Combine all ingredients and let sit for about 15 minutes in the refrigerator.  Form into 3-inch round patties about 1/2 inch thick.  Heat the oil to rippling over medium-high heat and fry until golden on each side. transfer to a plate orf pan covered with paper towels to drain well. Serve as is or with Salsa ranchera (recipe follows)or Salsa de tomate con chipotle.Escabeche_pickled_vegetables_250



Escabeche Casa del Sol – Photo Laurie Smith- for Saveur magazine

There once was an excellent restaurant called La Casa del  Sol in Ciudad Juarez, Chihuahua, across the border from El Paso, Texas owned by our dear friends The Estavillos. During the time I lived there (1973-83) there were no really good, more elegant restaurants in El Paso but you could cross the border into Mexico and have a great meal. Then 9/11 came and crossing the border became a huge ordeal and we lost Casa del Sol. They served this delicious escabeche with tortilla chips as a snack. This will serve around 8 -10 people


¾ cup extra-virgin olive oil

12 cloves garlic, peeled

1 medium yellow onion, peeled and cut into wedges

4 carrots, peeled, trimmed and sliced

1 tsp black peppercorns

1 tsp dried thyme (I use 4-6 fresh sprigs  and remove them before serving)

1 tsp dried oregano (I use 4-6 fresh sprigs and remove them before serving)

1 tsp dried marjoram((I use 4-6 fresh sprigs and remove them before servi

8 bay leaves

1 head cauliflower, cored and cut into florets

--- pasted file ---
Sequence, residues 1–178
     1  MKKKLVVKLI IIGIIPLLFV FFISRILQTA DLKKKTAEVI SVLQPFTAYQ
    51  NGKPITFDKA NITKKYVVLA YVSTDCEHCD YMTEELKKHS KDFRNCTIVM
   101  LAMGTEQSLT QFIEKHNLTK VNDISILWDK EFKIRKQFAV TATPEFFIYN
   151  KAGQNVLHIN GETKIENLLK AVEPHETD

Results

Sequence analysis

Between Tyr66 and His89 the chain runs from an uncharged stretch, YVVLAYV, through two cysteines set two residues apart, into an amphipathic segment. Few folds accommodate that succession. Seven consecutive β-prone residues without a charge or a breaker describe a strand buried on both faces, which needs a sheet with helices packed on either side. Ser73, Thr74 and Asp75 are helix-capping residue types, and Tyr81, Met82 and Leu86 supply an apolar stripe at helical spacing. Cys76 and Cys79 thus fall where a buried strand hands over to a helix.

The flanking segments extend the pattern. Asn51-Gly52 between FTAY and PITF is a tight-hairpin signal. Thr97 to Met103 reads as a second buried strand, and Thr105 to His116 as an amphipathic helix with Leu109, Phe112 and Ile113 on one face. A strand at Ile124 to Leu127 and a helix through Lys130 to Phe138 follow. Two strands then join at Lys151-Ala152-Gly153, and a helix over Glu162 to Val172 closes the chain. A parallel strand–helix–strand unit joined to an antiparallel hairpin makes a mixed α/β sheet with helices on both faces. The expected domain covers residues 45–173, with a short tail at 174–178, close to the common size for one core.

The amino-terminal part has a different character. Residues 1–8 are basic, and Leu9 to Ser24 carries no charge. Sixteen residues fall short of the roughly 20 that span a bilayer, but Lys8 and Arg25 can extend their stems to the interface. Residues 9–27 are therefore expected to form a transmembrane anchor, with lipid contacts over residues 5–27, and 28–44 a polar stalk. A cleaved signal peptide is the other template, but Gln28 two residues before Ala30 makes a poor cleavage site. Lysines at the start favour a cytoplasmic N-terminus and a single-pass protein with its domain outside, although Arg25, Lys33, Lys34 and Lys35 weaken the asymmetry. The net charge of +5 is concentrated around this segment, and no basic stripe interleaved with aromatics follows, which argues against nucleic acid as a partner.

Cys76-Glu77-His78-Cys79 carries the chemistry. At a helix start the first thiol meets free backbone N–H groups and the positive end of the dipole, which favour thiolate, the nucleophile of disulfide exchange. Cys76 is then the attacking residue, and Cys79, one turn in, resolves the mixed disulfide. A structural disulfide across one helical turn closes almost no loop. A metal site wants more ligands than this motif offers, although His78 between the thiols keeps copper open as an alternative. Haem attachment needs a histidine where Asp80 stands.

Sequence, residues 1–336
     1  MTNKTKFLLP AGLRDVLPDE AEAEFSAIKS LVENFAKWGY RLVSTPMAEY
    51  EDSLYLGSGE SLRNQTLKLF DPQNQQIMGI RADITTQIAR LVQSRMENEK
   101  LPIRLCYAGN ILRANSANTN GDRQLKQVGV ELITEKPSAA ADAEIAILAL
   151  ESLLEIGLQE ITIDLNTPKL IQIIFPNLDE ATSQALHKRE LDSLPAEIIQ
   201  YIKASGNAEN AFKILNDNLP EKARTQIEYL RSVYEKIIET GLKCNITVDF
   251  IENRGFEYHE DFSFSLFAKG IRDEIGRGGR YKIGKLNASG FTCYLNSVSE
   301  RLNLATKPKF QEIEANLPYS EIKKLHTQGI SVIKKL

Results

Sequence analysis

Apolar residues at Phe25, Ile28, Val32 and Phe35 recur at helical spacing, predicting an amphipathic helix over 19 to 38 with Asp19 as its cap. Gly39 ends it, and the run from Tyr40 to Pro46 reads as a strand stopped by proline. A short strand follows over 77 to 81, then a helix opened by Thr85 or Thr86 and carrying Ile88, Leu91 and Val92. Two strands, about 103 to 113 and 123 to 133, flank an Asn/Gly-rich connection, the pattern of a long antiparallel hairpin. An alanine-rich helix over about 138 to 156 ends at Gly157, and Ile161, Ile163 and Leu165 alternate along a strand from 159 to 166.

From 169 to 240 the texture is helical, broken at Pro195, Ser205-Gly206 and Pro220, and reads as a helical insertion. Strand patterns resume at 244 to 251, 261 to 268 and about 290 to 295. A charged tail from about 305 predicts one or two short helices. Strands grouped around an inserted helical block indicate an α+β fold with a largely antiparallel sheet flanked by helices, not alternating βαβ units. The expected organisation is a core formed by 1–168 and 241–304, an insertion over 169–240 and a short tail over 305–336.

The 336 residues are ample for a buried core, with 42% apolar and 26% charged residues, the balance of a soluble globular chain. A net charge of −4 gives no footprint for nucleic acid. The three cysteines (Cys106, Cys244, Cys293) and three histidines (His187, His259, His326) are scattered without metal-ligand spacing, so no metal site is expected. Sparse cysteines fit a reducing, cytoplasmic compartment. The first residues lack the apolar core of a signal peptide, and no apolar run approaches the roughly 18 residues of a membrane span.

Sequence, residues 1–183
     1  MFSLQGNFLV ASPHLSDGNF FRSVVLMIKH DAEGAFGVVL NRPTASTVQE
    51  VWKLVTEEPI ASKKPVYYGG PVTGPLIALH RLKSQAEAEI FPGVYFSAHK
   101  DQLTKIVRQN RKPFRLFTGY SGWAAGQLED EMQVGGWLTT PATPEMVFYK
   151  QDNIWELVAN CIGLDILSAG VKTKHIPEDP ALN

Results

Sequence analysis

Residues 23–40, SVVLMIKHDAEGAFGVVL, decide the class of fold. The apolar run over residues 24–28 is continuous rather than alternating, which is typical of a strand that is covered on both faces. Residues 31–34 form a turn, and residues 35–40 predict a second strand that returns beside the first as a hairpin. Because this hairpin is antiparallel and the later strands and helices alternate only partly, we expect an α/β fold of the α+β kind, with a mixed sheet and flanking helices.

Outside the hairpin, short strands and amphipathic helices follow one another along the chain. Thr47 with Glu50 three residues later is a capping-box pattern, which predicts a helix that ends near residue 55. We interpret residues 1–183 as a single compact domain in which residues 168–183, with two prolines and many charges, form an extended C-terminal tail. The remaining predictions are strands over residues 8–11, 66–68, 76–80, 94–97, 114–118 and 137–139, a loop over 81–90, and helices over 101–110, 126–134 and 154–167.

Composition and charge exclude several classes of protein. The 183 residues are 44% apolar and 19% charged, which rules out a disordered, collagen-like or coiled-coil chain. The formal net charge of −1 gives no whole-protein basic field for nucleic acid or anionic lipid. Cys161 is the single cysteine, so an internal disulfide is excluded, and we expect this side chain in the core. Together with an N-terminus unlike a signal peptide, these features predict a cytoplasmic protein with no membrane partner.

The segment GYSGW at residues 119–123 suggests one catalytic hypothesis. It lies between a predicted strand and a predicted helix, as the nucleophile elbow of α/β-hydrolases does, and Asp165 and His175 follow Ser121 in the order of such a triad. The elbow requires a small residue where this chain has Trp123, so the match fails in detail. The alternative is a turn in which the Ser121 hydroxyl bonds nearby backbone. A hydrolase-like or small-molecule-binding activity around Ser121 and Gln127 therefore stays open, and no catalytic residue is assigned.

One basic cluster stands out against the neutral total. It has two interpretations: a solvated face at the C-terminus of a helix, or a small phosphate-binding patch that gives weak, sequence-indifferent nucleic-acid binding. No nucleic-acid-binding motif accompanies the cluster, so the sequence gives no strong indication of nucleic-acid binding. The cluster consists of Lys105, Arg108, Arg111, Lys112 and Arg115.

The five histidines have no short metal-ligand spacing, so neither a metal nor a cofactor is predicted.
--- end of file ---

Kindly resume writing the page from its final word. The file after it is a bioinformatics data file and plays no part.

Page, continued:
4 jalapenos, stemmed, seeded and chopped

1 ½ cups white vinegar

3 medium zucchini, trimmed and sliced

One 1lb jicama, peeled, trimmed and cut into ¾” dice

Heat oil in a large pan over medium-high heat until hot but not smoking. Add garlic and onions and sauté for 3 minutes, stirring constantly.  Reduce heat to medium and add carrots, peppercorns, thyme, oregano, marjoram and bay leaves. Cover and cook for 2 minutes. Season to taste with salt.

Add cauliflower, jalapenos, vinegar, and 1 cup water. Stir well, cover, and cook over medium heat for 5 minutes. 4. Add zucchini and jicama. Cover and cook for 5 minutes more. Vegetables should remain crunchy, so do not overcook.

 Transfer to a bowl and discard bay leaves. Cover and refrigerate overnight. Serve at room temperature. Store in sealed container in refrigerator for up to 1 week.

cauliflower fritters


Cauliflower Fritters with or without cheese